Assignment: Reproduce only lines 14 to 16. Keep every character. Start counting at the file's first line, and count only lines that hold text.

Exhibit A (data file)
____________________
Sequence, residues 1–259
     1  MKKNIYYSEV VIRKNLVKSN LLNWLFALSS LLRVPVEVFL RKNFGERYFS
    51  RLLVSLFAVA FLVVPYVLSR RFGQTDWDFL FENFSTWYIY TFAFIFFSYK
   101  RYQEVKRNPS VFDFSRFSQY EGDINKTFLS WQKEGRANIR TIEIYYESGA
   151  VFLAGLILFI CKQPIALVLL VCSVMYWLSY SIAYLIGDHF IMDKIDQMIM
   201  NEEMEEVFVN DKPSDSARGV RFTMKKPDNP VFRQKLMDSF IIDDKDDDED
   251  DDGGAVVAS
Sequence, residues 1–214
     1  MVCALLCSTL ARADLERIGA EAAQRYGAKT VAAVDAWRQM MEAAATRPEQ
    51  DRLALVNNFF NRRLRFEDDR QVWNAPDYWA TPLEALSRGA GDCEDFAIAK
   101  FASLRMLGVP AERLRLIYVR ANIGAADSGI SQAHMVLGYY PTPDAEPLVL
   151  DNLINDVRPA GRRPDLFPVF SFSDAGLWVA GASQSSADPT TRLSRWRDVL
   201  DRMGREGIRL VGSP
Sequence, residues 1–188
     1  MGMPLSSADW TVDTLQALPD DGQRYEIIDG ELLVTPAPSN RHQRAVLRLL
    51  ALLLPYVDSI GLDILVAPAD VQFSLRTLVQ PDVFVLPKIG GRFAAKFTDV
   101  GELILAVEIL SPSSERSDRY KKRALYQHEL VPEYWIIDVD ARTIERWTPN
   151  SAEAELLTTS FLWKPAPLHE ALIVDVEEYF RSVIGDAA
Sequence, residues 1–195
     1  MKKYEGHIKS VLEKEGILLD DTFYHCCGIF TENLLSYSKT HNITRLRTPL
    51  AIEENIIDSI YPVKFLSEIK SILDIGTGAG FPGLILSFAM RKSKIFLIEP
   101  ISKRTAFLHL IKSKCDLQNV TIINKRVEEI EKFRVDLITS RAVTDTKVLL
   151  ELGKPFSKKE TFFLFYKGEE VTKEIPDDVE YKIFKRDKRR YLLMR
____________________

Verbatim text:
Sequence, residues 1–188
     1  MGMPLSSADW TVDTLQALPD DGQRYEIIDG ELLVTPAPSN RHQRAVLRLL
    51  ALLLPYVDSI GLDILVAPAD VQFSLRTLVQ PDVFVLPKIG GRFAAKFTDV